Games, games and even more video games. That was the overwhelming theme of last week’s Electronic Entertainment Expo in Los Angeles—the three-day megaconference headlined by tech giants Sony, Microsoft and Nintendo.
For video-game makers to shout the praise of software might sound like the ultimate in no-duh obviousness, but much of the conversation from the Big Three over the past few years was about redefining gaming consoles as all-in-one digital entertainment platforms capable of delivering TV, movies and music. This time, companies used E3’s big stage to double down on their bread and butter: flashy action games, fantasy epics for the “Game of Thrones”-loving crowd and tried-and-true sports and shooter franchises.
That’s especially true for Microsoft. After forcefeeding us consecutive Kinects, the company finally backed off last month by announcing plans to sell a Kinect-less Xbox One bundle for $400. Additionally, Kinect was mentioned only in passing in reference to an upcoming “Dance Central” sequel. Instead, Microsoft dedicated a large chunk of time to hyping the release of “Halo: The Master Chief Collection,” a remastering of the first four games in the series, along with beta access to—surprise, surprise—“Halo 5: Guardians.”
Sony exuded cool confidence, likely because it’s beating its archrivals in the war of new consoles in terms of sales. Its E3 lineup included exclusives for PlayStation 4 like the so-cute-it-hurts “Little Big Planet 3” and “Uncharted: A Thief’s End,” the fourth adventure from the Indiana Jones clone. Sony also revealed a PlayStation TV capable of streaming games and a futuristic virtual-reality helmet for the PS4 called Project Morpheus, which looked intriguing even if it makes users resemble a goofy RoboCop.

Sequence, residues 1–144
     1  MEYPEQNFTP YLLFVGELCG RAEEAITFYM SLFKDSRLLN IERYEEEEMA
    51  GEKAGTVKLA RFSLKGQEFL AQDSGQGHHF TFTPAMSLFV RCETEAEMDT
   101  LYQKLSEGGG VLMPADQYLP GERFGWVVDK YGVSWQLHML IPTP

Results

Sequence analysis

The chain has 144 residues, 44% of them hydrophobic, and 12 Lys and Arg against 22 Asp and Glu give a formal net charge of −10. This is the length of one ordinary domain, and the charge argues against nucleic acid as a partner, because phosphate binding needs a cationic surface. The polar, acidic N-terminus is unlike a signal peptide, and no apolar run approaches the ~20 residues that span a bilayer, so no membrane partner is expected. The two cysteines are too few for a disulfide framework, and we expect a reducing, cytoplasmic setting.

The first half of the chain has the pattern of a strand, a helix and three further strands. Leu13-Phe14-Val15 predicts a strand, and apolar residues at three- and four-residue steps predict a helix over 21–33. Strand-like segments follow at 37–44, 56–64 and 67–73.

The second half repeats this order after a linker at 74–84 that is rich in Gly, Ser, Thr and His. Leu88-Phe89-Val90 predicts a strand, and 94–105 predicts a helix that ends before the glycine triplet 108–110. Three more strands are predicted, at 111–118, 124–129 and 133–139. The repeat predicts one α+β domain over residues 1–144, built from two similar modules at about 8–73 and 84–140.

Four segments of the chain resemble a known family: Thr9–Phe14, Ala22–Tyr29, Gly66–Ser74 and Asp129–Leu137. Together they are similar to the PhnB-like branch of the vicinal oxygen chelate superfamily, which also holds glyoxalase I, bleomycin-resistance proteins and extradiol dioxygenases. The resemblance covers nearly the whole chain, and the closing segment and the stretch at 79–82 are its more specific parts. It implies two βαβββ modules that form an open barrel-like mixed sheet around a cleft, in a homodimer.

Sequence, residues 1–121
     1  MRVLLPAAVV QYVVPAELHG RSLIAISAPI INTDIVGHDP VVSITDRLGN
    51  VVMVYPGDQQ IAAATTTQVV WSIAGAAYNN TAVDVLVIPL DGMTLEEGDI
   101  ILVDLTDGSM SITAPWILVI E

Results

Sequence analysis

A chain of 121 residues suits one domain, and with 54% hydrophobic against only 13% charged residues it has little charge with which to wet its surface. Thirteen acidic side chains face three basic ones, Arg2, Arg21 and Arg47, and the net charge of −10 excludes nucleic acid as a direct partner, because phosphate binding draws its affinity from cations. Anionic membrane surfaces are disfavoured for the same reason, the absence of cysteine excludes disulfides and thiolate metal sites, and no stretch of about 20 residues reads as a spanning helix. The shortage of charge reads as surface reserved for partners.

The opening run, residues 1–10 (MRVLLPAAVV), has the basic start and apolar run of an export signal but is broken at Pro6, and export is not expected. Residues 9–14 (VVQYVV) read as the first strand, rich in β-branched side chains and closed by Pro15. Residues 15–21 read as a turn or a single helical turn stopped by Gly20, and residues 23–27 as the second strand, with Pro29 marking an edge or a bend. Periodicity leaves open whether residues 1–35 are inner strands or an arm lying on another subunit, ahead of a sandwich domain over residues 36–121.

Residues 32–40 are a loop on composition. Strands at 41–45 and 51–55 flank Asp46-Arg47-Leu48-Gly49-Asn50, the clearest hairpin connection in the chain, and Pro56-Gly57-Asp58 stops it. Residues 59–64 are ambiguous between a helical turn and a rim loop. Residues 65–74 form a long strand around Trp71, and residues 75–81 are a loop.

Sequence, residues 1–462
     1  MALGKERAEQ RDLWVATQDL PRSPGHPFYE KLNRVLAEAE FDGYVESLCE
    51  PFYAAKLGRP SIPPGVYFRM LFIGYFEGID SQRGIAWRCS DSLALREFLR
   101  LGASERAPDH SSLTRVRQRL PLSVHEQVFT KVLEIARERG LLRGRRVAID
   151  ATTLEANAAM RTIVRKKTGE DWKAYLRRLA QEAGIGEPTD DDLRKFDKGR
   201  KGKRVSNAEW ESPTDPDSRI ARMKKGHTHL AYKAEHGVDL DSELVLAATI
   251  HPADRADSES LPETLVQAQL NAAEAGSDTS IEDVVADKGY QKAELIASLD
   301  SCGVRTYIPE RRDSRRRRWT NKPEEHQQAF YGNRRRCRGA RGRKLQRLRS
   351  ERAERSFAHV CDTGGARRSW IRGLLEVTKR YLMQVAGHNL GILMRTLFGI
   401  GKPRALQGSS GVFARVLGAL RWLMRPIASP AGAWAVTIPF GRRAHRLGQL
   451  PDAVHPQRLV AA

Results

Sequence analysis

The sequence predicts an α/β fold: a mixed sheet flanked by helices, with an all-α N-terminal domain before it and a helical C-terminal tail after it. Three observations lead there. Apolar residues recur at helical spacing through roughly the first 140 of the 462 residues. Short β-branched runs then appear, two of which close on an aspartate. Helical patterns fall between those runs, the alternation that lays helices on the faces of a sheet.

Critics have been writing eulogies for the Wii U, but E3 looked like the start of a comeback tour for Nintendo. The House that Mario Built came out swinging with a funny “Robot Chicken” animated presentation that showed off a few potential hits like the new “Super Smash Bros.” and a beautiful open world “Zelda” on Wii U. Kids zap each other with paint instead of bullets in a softer, but surprisingly fun shooter called “Splatoon.”
Other big standouts: a four-player cooperative “Fable,” a men-vs.-monster shooter called “Evolve,” a second “Tomb Raider” prequel and “Batman: Arkham Knight,” which appears to lean heavily on the addition of the Batmobile. “Sunset Overdrive” also thrilled the E3 attendees with a trailer showing a brightly hued action game about a cool punk-rock dude’s extermination of mutants warped by a contaminated energy drink.
>> Avondale-based developer NetherRealm Studios put a bloody exclamation mark on E3 by unveiling a playable version of “Mortal Kombat X.” The 10th in the legendary fighting series mixes things up with a score of new characters, including an insect woman who can summon larvae and swarms of flesh-eating beetles to battle on her behalf. Just don’t expect this “Kombat,” coming to PS4 and Xbox One in 2015, to tone down the gore. New addition Cassie Cage, for example, has a fatality move that puts a literal spin on the term “ballbuster.” Ouch.
>> Iron Galaxy made an E3 appearance to preview “Killer Instinct Season 2.” The Lincoln Park studio recently took over the title after Amazon acquired former developer Double Helix Games. The second round of the classic arcade fighting game reboot is expect to land on Xbox One sometime this fall.
Ryan Smith is a RedEye special contributor.